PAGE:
From a new book review in NDPR:
Negri’s and Casarino’s work has more in common (no pun intended) with the work of Giorgio Agamben, Etienne Balibar, and Paolo Virno, who have returned to the maligned field of philosophical anthropology, to a consideration of what makes us human, not as a generic essence, but as the interplay between abstract potential and singular differences. This is not to say that these conceptions are the same. In the interviews, and in the essay on the political monster, Negri distinguishes his understanding of humanity from Agamben’s understanding of bare, or naked, life. For Agamben, bare life, the reduction of humanity to pure survival, is at the basis of the modern state. Such an understanding of humanity disavows the common, specifically the way in which the common as presupposition constitutes a kind of historicity. As Negri writes,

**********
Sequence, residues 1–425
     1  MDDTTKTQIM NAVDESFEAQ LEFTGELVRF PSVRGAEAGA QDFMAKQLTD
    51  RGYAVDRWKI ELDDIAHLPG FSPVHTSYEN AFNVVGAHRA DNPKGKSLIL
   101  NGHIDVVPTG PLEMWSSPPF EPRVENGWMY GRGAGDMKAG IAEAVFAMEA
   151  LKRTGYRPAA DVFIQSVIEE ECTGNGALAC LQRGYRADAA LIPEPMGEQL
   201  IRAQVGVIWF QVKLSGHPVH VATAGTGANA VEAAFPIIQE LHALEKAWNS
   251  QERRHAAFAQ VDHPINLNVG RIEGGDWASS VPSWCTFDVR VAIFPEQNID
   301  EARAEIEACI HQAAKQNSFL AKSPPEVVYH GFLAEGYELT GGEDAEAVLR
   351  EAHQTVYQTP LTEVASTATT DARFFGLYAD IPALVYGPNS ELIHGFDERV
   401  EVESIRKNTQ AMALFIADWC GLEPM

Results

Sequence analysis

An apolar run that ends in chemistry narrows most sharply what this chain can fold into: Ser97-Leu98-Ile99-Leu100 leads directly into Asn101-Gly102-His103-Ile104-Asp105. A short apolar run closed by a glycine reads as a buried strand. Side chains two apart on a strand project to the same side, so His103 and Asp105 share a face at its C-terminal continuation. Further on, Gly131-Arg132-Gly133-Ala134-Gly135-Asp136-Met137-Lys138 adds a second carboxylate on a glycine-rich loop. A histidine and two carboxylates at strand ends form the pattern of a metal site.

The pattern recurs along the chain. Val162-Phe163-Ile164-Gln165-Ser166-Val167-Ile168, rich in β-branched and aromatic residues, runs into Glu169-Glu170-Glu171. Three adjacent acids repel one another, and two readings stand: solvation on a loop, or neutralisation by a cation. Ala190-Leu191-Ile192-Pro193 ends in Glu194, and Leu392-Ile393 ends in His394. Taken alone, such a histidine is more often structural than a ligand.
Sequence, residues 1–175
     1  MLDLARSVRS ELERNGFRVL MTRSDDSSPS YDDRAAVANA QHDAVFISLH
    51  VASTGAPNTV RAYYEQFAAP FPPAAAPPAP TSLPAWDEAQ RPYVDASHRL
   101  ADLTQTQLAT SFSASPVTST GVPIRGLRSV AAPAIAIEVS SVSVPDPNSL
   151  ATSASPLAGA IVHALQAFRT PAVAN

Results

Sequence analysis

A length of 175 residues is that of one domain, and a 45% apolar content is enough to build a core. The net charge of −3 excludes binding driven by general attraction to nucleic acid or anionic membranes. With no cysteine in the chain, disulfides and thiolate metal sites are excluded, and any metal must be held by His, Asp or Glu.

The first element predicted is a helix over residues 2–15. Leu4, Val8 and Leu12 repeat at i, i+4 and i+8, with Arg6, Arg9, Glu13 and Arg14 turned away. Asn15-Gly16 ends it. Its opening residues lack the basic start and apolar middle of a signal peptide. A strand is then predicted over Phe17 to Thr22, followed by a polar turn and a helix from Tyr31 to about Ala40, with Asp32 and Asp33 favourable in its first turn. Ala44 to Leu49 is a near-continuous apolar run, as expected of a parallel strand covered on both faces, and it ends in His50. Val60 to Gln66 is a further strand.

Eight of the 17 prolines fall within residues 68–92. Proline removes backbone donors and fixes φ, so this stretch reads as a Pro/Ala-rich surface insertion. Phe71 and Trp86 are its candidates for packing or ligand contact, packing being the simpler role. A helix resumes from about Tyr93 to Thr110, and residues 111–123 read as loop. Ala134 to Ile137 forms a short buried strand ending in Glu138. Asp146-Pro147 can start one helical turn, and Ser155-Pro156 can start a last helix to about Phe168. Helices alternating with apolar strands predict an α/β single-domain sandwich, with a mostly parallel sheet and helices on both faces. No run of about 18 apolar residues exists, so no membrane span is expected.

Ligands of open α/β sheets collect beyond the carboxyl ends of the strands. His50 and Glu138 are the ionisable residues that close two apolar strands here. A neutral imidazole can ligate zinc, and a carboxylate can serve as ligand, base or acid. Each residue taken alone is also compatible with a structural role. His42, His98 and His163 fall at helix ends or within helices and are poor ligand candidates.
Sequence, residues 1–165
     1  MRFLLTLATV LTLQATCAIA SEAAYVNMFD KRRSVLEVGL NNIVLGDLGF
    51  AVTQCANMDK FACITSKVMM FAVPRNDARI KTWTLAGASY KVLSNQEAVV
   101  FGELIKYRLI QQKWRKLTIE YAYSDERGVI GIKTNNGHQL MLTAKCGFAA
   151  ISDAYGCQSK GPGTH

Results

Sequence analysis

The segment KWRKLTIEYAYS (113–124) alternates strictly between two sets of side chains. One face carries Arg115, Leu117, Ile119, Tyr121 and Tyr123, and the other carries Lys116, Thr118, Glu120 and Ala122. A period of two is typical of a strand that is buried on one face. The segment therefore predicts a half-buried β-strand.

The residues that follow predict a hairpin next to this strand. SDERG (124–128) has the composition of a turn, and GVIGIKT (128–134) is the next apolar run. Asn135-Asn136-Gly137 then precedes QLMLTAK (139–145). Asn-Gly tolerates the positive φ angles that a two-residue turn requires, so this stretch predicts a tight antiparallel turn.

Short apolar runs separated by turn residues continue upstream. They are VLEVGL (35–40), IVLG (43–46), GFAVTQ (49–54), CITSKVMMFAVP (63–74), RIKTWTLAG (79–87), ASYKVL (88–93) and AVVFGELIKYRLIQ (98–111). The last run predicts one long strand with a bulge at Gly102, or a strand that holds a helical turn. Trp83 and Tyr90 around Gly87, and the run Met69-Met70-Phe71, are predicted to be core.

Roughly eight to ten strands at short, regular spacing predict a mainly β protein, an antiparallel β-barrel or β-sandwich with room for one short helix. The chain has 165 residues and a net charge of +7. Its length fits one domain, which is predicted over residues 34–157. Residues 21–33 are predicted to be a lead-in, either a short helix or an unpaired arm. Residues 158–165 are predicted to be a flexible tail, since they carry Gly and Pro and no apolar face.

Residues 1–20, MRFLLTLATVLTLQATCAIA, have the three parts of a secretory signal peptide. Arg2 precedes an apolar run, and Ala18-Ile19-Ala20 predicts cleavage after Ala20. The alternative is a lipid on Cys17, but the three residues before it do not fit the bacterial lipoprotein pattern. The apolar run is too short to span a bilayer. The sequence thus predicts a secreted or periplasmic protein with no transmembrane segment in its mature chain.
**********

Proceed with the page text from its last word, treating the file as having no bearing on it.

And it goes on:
There is no naked life in ontology, much as there is no social structure without rules, or word without meaning. The universal is concrete. What precedes us in time, in history, always already presents itself as an ontological condition, and, as far as man is concerned, as (consistent, qualified, irreversible) anthropological figure (208).